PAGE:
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The Interplay between the EU's Return Acquis and International Law
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The Interplay between the EU's Return Acquis and International Law

9781839105227 Edward Elgar Publishing
Tamás Molnár, Legal Research Officer, EU Agency for Fundamental Rights and Visiting Lecturer, Corvinus University of Budapest, Hungary
Publication Date: 2021 ISBN: 978 1 83910 522 7 Extent: 272 pp
This insightful book thoroughly examines how the EU’s return acquis is inspired by, and integrates, international migration and human rights law. It also explores how this body of EU law has shaped international law-making relating to the removal of non-nationals.

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Critical Acclaim
Contents
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This insightful book thoroughly examines how the EU’s return acquis is inspired by, and integrates, international migration and human rights law. It also explores how this body of EU law has shaped international law-making relating to the removal of non-nationals.

Set against the background of the classic doctrine on the ‘autonomy of EU law’ and the EU’s objective to ‘develop international law’, Tamás Molnár depicts a legally sound and elaborate picture of the EU’s return acquis vis-à-vis international law, both internally and externally. From the perspective of the EU legal order, it offers important insights into this field from both a constitutional perspective and from the point of view of the substantive area of migration law. Chapters provide in-depth analysis of the EU’s return-related legislative developments reflecting international law and the expanding return-related jurisprudence of the EU Court of Justice.

Bridging the gap between EU and international law, which both have unique characteristics and are often studied in different spheres, this book will appeal to academics and practising lawyers dealing with the expulsion of migrants in irregular situations. It will also be a useful read for law scholars, practitioners and postgraduate students who wish to further their understanding of the interactions between these two legal orders.
Critical Acclaim
‘This book is not only an extremely interesting one on the return of irregular migrants that is a must read for migration specialists, but it is also an excellent essay about the complex subject of the autonomy of EU law and its relations with international law to recommend to all EU lawyers.’
– Philippe de Bruycker, Université Libre de Bruxelles, Belgium

‘This book is a must read for anyone interested in the intersection of EU and international law in the area of migration and specifically expulsion (known as “return” in EU parlance). The book is both authoritative and profound in its examination of the relative weakness of the EU's incorporation of international standards in this area as opposed to more generally. The arguments are exceptionally well developed and supported.’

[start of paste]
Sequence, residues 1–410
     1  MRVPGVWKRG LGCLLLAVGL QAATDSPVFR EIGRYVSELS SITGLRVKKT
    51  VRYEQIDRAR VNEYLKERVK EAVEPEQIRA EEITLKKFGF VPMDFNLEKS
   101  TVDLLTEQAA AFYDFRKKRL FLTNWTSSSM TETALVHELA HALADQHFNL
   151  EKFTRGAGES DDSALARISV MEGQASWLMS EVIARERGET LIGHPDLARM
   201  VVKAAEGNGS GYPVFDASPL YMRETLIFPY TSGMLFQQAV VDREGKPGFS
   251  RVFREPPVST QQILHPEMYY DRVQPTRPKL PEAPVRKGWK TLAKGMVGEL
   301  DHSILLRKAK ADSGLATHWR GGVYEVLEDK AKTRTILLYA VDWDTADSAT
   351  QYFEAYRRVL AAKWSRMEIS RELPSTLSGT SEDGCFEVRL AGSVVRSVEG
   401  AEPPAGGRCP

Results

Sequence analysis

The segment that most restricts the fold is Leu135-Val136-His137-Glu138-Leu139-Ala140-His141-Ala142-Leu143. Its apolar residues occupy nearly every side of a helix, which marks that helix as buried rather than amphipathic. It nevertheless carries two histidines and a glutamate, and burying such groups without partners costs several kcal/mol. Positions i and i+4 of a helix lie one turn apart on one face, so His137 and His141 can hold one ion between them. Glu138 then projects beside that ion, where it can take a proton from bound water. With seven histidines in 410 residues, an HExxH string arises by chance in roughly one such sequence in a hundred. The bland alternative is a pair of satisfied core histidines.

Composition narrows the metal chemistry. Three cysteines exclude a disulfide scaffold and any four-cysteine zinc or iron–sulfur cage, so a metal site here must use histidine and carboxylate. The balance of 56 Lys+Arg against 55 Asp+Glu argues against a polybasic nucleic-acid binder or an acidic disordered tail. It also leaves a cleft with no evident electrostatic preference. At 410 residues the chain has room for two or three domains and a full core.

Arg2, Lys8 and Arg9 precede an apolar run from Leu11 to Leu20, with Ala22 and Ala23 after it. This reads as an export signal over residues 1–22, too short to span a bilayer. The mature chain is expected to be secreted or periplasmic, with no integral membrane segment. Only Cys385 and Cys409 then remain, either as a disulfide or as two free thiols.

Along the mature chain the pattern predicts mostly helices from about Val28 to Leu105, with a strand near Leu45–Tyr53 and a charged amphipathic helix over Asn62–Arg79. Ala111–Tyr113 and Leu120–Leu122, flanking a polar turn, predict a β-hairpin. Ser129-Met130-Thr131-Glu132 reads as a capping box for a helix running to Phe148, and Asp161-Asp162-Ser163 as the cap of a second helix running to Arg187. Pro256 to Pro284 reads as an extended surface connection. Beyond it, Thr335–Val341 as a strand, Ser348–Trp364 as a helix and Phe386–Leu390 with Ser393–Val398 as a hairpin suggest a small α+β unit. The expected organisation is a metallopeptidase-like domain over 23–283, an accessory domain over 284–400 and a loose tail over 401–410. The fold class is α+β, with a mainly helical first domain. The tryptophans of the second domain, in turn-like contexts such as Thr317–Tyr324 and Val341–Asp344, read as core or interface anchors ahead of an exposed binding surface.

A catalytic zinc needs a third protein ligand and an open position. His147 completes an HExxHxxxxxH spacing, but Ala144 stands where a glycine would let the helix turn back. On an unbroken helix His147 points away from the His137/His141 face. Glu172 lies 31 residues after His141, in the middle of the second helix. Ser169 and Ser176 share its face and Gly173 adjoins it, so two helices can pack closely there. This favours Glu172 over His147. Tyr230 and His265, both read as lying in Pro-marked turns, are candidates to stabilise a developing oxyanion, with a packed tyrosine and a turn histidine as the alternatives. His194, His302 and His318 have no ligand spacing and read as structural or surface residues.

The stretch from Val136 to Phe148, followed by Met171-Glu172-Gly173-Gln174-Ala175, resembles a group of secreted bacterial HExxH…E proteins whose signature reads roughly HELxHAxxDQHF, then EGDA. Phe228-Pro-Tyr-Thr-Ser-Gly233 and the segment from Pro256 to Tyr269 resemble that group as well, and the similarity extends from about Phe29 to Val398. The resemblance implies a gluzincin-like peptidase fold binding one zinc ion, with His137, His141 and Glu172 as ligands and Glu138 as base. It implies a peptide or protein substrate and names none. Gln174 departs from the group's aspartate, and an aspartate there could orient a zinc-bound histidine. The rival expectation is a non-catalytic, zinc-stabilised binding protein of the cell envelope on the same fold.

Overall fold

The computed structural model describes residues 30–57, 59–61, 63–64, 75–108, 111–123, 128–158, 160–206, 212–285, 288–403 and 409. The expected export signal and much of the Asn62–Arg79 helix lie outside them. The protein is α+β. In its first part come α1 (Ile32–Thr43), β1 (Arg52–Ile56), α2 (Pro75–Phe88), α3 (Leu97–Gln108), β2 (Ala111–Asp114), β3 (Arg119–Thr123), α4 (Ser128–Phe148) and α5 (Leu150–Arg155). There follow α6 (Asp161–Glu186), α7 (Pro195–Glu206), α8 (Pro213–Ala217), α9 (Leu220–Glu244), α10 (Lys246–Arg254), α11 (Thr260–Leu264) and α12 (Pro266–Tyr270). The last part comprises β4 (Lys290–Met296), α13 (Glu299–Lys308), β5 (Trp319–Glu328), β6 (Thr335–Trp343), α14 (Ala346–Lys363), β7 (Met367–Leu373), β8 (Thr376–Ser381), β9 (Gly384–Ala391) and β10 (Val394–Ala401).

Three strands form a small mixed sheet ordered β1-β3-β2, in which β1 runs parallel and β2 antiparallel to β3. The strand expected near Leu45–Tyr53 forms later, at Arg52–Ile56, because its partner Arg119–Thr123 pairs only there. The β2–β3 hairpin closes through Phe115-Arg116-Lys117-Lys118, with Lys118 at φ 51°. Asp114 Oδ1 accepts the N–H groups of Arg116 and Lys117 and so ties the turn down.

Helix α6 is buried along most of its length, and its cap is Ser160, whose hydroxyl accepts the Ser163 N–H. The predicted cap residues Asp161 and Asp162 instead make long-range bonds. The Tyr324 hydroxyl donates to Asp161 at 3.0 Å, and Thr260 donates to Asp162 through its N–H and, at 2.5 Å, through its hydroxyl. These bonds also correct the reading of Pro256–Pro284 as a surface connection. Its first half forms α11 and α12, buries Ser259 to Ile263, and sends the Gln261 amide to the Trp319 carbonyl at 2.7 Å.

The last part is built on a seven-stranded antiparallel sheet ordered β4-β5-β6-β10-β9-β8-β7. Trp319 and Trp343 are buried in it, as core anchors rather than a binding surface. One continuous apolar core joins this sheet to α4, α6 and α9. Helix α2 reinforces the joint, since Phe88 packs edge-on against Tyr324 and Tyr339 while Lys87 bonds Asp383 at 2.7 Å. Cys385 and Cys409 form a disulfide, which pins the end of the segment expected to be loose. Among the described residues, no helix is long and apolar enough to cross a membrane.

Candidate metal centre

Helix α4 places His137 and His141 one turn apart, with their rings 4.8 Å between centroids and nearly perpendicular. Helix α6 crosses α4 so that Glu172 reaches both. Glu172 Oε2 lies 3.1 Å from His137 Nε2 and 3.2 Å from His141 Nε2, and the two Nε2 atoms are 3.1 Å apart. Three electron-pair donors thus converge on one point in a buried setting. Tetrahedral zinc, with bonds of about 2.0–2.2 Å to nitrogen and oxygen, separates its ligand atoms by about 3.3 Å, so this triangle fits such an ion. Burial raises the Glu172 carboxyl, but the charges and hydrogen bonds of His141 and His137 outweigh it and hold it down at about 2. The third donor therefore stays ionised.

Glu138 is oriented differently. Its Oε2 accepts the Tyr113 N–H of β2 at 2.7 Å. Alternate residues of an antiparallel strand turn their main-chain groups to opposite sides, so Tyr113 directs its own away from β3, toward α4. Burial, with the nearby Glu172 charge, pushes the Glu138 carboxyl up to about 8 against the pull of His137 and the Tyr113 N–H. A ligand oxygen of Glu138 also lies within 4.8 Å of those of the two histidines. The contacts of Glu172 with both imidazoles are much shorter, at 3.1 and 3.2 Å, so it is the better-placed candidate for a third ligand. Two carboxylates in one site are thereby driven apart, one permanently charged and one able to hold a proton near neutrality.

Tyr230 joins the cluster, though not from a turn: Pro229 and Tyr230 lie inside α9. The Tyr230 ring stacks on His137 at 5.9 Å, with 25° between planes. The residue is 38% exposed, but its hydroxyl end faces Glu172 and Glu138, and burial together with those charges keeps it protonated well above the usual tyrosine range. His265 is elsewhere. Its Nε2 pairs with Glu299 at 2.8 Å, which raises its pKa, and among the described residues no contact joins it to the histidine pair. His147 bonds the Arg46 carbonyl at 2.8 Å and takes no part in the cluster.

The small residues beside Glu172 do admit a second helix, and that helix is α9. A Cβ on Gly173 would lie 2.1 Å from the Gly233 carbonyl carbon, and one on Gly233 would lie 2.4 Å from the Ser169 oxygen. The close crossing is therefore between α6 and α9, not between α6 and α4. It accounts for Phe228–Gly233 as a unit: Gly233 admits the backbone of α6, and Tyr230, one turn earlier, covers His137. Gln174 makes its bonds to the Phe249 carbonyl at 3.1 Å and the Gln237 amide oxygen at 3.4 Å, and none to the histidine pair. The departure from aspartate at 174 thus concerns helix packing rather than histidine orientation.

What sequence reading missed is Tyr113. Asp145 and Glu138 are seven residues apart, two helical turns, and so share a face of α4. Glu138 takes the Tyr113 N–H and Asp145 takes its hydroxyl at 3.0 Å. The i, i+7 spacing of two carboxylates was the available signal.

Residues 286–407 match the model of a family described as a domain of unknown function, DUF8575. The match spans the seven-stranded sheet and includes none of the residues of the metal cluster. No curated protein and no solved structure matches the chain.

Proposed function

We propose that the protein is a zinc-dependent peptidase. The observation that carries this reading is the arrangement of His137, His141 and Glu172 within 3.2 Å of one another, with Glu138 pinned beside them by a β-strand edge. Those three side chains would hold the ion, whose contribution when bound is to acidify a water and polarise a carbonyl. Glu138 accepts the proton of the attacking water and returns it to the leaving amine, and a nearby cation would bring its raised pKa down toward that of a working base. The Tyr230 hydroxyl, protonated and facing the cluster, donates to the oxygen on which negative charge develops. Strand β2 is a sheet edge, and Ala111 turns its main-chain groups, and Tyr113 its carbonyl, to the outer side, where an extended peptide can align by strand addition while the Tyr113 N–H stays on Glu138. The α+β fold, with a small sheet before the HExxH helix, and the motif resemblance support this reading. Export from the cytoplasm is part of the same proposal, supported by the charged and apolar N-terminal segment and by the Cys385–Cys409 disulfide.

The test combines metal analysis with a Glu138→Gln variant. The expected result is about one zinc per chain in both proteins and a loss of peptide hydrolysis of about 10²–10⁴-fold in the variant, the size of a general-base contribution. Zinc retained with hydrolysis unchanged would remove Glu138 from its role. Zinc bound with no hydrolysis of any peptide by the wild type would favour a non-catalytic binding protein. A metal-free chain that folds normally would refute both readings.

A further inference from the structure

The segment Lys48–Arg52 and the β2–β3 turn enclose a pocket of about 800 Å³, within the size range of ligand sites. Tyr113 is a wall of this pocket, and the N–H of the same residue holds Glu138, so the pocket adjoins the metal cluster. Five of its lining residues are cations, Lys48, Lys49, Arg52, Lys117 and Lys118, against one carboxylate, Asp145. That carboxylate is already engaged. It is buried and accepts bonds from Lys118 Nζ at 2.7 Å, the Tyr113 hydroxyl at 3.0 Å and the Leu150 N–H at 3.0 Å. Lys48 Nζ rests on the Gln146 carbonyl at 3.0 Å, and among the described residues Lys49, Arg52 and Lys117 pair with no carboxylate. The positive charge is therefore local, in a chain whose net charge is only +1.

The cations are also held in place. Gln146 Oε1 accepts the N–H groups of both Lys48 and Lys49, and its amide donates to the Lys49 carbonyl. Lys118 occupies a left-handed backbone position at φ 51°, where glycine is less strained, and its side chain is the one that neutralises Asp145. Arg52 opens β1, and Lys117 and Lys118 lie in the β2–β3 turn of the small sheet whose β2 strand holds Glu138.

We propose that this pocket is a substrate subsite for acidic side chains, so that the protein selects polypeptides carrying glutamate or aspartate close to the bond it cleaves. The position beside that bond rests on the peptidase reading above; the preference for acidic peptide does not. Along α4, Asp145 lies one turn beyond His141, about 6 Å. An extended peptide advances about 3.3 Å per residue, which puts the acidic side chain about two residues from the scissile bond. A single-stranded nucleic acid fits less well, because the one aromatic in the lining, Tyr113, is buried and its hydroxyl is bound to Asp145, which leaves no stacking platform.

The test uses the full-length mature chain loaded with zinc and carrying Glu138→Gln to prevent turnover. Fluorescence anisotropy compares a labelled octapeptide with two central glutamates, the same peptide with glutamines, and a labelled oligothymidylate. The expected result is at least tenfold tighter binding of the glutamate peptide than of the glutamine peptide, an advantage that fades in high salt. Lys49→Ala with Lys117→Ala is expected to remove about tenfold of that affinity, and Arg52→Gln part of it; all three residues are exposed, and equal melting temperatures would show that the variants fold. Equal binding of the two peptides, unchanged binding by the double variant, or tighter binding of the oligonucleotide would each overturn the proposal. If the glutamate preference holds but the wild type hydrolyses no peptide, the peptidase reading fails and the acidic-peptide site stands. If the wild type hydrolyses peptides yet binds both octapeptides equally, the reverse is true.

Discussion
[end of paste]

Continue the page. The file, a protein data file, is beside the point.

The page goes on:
– Elspeth Guild, Queen Mary University of London, UK

In times when return and readmission policies shape public and policy discourse in the area of migration management both within the EU but also internationally, this book could not be more timely. It is an important milestone in the study of the EU and international law relating to return of irregular migrants, masterfully elucidating not only the interaction between the two legal regimes but also the way the EU can exercise its normative power in this important domain.'
– Sergo Mananashvili, Senior Advisor, Migration Dialogues and Cooperation, ICMPD

‘Analysing interactions between EU and international law in the specific field related to return of migrants, this book reveals intriguing dynamics. As a unique contribution to legal scholarship, it explores how the EU Return Directive has been inspired by international law, whereas CJEU case law has prioritized autonomy of EU law. Yet, attempting to shape international law, the EU engaged with UN and regional standard-setting processes on returns. Dr Molnár convincingly demonstrates that the EU seeks to influence international law from which it claims autonomy and which the Union is constitutionally committed to respect.’
– Izabella Majcher, European Council on Refugees and Exiles
Contents
Contents: Preface 1. Introduction to The Interplay between the EU’s Return Acquis and International Law 2. ‘Fifty shades’ of separateness of EU law from international law: the autonomy and openness of the EU legal order 3. The influence of international migration law and human rights law on the EU return acquis 4. From EU law towards international law: the EU’s role in shaping the international legal order 5. The impact of the EU return acquis on the international law regimes governing the ‘expulsion of aliens’ 6. General conclusions: assessing the landscape Bibliography Index

This title is available for institutional purchase via Elgaronline.

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